Entrapment is a little tricky because you cannot claim this defense if you were already going to commit the act and police officers were giving you the opportunity to, or helping you, commit the crime.
For example, if you are selling illegal drugs and one of your customers happens to be an undercover cop, you cannot claim the defense.
Property Defense ARS §13-408
Defending your personal belongings isn’t a crime. When someone is trying to rob you, it’s only natural to want to prevent them from doing so. You can use reasonable force against the thief only if you can prove you were completely convinced that they were going to steal or damage your property.
You can defend your property in a scenario where you own a bookstore and you witness a customer slipping a book into their bag. You confront the customer and ask for payment or for them to return the book. They refuse and try to leave your store and this prompted you to use physical force to prevent them from leaving. If they use physical force against you, you can use self-defense.
Any physical force you use must be reasonable. If you were to use a different method of preventing the theft in the above scenario, for example, pulling out a gun and shooting the person for trying to steal the book, that is unreasonable deadly force and you would not quality for property defense.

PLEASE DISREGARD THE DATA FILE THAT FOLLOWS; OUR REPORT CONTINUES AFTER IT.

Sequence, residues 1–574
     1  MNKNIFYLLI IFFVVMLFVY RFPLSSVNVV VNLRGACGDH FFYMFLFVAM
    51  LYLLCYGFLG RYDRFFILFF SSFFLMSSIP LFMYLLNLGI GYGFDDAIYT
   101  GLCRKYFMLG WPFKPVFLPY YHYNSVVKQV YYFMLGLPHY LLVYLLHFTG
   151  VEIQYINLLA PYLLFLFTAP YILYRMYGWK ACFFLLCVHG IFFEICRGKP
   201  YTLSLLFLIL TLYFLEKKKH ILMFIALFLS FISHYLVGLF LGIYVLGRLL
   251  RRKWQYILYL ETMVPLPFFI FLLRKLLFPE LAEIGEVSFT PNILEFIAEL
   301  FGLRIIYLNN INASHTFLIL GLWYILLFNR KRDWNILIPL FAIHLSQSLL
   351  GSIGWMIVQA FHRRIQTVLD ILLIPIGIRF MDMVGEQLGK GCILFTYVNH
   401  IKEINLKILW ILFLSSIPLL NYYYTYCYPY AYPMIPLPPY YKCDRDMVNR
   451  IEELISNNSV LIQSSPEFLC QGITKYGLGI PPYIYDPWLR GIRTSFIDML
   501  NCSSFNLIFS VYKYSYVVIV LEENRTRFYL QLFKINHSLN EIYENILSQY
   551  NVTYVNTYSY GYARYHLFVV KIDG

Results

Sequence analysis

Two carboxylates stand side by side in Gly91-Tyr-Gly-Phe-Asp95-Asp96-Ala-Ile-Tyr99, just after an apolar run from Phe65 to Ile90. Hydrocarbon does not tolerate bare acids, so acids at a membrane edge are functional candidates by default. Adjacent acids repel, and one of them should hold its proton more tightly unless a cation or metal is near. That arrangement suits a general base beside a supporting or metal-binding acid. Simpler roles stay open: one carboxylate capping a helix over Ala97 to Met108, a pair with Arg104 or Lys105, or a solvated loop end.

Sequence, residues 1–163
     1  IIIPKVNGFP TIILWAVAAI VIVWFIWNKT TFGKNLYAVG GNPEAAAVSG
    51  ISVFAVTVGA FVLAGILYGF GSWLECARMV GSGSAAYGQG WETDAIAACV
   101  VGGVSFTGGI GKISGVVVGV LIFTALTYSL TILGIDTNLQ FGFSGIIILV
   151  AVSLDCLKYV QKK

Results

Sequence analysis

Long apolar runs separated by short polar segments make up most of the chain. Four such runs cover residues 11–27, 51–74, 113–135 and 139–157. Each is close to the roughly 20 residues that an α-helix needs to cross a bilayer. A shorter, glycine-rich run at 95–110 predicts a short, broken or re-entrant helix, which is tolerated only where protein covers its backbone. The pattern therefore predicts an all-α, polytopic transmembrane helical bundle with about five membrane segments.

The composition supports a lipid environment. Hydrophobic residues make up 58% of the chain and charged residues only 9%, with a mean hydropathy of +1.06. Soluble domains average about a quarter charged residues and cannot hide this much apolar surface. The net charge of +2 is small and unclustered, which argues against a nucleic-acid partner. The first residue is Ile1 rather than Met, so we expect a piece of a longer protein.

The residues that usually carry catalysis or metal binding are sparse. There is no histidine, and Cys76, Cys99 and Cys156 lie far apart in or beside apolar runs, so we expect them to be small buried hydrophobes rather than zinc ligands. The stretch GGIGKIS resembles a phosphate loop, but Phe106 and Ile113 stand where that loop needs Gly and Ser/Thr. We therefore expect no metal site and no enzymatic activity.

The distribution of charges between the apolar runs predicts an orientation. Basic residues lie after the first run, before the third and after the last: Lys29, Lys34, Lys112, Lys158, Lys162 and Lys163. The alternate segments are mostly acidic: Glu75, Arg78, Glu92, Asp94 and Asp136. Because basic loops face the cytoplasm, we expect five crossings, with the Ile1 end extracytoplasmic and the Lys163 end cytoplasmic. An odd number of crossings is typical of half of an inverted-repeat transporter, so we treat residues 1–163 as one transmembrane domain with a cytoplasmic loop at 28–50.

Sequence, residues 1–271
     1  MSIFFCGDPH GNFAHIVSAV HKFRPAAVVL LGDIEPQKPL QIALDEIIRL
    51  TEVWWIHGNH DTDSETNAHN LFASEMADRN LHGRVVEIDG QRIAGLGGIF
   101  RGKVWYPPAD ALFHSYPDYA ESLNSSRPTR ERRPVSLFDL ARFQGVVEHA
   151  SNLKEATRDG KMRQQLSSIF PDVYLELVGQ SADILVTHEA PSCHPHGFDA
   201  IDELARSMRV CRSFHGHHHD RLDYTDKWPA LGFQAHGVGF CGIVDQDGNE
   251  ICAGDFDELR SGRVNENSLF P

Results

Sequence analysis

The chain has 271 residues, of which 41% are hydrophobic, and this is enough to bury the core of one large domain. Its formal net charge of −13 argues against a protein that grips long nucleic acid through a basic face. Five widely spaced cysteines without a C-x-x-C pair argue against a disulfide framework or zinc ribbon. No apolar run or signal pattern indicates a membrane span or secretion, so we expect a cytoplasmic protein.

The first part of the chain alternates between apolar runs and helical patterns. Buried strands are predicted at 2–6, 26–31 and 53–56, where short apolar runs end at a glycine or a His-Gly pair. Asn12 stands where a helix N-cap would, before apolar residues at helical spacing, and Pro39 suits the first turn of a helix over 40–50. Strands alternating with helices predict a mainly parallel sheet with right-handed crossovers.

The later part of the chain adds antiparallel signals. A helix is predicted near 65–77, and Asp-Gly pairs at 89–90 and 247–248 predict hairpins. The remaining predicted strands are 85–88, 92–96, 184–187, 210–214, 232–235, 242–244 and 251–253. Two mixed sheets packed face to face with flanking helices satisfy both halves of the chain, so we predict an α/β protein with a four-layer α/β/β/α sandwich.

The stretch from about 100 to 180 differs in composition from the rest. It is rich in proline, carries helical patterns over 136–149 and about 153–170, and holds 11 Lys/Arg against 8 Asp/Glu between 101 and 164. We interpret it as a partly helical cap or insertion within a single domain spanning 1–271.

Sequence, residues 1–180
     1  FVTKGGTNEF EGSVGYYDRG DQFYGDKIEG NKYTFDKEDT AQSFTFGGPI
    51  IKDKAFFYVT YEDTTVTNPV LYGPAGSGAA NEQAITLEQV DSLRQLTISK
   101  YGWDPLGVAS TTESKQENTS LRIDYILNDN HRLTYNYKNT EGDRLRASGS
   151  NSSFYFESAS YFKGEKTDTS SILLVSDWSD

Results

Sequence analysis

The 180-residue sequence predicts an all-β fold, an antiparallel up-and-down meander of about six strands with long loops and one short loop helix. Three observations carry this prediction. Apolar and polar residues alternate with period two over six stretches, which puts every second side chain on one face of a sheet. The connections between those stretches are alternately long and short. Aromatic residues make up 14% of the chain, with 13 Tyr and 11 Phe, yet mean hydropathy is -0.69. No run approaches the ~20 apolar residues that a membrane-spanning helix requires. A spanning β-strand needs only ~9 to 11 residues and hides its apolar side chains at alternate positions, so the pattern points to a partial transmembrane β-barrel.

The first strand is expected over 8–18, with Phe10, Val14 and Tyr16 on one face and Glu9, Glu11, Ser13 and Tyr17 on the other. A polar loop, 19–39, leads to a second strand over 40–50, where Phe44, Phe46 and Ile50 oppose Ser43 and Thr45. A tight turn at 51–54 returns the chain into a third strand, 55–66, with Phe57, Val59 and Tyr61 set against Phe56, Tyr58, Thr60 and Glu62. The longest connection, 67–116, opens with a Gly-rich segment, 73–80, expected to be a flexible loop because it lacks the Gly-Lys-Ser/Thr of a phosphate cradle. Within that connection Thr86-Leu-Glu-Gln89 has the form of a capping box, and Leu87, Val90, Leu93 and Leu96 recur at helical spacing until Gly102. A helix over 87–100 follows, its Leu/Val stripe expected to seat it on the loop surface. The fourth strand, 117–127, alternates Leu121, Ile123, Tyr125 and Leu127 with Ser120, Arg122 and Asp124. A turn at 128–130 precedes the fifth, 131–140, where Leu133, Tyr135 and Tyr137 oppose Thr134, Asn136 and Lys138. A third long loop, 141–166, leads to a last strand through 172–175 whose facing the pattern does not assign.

Premises Defense ARS §13-407
Not to be confused with property defense, defense of premises refers to you or someone working for you using reasonable physical force to remove a trespasser from your property. If you used deadly physical force, it must be because you were defending yourself or another person from the physical assault of the trespasser.
Defense of Residential Structure or Vehicle ARS §13-418
Defending yourself can be scary, especially against an intruder on your own property. However, your use of force in this defense must be because you truly believed that you were in immediate danger of death or serious injury. Even threatening to use physical or deadly force must be justified.
Use of Force to Prevent Crime ARS §13-411
You are legally allowed to threaten or use physical and deadly force against another person only if you are trying to prevent them from committing these crimes:
- Aggravated assault ARS §13-1204
- Armed robbery ARS §13-1904
- Arson of occupied structure ARS §13-1704
- Child molestation ARS §13-1410
- First degree burglary ARS §13-1508 or second degree burglary ARS §13-1507